Muhlenberg County Health Department Rabies Information
Animal Bites and Rabies Rabies is a serious disease that is caused by a virus. Each year, it kills more than 50,000 people and millions of animals around the world. Any mammal can get rabies. Raccoons, skunks, foxes, bats, dogs, and cats can get rabies. Cattle, horses and humans can also get rabies. Animals that are not mammals such as birds, snakes, and fish do not get rabies.
All dogs, cats, and ferrets reported to have bitten any person are quarantined by the Local Health Department for ten (10) days for observation. This is done at either the animal owner’s home or a local animal clinic. Some general signs of rabies in animals are as follows:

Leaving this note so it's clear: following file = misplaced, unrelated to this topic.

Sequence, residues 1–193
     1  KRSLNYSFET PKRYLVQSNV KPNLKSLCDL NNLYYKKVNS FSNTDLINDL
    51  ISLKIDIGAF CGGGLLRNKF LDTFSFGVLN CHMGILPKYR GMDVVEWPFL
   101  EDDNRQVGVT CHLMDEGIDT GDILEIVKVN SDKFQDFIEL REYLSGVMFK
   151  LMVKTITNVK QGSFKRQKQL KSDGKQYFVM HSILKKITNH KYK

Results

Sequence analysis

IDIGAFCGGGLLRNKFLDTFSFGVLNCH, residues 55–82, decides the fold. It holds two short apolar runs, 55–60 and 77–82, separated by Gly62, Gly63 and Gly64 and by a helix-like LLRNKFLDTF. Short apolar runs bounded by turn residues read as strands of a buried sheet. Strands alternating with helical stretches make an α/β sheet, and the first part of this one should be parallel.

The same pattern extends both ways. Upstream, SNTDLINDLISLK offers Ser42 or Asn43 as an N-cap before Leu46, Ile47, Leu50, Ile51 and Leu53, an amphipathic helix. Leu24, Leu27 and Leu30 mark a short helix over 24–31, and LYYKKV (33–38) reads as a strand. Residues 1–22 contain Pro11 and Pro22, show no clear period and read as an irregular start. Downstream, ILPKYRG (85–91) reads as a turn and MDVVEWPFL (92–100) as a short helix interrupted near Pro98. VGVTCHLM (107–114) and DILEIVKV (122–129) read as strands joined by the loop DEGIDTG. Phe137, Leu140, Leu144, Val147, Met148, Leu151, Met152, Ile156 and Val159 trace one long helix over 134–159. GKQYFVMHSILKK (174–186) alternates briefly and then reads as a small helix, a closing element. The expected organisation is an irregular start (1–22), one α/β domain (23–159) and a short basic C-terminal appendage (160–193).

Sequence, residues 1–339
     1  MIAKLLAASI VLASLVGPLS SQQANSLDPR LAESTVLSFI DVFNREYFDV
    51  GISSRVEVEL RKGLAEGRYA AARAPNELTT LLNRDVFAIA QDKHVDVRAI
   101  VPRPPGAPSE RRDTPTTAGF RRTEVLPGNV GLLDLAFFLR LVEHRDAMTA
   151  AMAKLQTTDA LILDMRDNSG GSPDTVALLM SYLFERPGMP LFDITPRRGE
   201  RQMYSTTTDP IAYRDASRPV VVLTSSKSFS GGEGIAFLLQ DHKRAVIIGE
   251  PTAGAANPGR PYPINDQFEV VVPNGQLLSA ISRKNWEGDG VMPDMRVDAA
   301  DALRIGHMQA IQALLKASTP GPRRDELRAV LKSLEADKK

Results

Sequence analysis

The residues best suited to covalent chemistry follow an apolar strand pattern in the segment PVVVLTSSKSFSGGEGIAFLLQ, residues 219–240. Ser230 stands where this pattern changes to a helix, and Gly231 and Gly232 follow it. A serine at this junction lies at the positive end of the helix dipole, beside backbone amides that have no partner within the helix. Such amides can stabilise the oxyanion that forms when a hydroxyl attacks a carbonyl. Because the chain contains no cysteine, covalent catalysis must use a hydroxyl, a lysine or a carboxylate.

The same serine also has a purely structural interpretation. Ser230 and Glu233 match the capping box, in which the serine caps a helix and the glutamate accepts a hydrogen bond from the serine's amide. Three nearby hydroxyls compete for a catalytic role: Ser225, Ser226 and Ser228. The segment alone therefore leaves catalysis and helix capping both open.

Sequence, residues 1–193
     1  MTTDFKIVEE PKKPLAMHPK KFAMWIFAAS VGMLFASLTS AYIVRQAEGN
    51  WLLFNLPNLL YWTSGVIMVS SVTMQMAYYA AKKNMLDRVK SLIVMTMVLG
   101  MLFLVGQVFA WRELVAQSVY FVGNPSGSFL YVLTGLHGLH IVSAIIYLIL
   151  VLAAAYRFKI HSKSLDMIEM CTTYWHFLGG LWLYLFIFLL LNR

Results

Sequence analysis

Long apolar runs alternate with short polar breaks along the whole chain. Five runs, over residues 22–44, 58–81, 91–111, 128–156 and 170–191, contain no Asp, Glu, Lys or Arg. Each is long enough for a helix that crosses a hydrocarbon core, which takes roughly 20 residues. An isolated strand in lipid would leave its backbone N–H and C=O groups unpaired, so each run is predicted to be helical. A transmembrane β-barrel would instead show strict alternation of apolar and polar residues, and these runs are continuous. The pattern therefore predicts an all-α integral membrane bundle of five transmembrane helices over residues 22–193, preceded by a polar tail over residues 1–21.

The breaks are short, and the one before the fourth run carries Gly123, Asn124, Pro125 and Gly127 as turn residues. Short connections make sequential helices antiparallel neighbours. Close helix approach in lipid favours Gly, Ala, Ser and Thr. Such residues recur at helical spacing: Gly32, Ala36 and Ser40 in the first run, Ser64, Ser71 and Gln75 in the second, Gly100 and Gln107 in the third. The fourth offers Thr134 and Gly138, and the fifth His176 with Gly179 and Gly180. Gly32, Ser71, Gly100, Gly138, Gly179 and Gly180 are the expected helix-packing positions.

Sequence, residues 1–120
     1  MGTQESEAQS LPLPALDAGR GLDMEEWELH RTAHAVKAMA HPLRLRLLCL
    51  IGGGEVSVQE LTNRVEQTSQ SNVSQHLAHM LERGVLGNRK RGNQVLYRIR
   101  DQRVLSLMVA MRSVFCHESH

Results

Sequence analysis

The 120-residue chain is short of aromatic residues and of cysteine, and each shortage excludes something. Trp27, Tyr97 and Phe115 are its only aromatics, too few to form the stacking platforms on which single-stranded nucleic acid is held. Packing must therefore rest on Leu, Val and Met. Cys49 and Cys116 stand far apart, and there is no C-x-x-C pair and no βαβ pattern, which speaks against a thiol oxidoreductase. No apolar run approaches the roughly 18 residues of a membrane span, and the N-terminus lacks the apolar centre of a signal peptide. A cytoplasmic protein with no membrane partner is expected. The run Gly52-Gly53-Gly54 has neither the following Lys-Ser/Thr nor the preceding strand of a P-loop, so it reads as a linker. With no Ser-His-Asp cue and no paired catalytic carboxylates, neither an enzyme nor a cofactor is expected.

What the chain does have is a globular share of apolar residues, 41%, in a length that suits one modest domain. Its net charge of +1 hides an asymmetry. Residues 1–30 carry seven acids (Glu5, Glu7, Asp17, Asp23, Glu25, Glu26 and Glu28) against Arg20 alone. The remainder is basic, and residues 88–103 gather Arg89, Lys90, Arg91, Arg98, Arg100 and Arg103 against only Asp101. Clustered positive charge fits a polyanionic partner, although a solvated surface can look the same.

Dogs, cats, and ferrets, which stay well during the ten-day period, are released. Those animals which become sick are humanely euthanized and tested in the State Rabies Laboratory.
All non-domesticated or “wild animals” must immediately be humanely euthanized and tested in the State Rabies Laboratory. Domesticated farm animals are evaluated on a case by case basis. *Note: Head of animal must be unaltered in order for laboratory to test. For more updated information, you can click on this link for the Center for Disease Control
Depending on the severity of the bite, call your doctor or go to a hospital emergency room.
If possible, without endangering yourself, confine the animal so it can be quarantined.
Call the Local Health Department to begin investigation of the incident.
Rabies vaccines are approved for dogs, cats, horses, cattle, sheep and ferrets. KRS 258 requires that all dog, cat, and ferret owners have their pet initially vaccinated by the age of three months and revaccinated against rabies at the expiration of the immunization period as certified by a veterinarian. Proper and up to date vaccination of your pets is the first line of defense against rabies. Animal rabies vaccines should be administered only by or under the direct supervision of a veterinarian.